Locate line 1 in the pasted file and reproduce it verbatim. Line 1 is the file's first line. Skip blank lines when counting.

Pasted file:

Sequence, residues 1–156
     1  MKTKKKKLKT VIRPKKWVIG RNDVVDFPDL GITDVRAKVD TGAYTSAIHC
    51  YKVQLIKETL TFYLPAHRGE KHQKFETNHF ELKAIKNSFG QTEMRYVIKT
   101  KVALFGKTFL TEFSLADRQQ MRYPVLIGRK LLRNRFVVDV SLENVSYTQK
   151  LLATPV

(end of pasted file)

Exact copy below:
Sequence, residues 1–156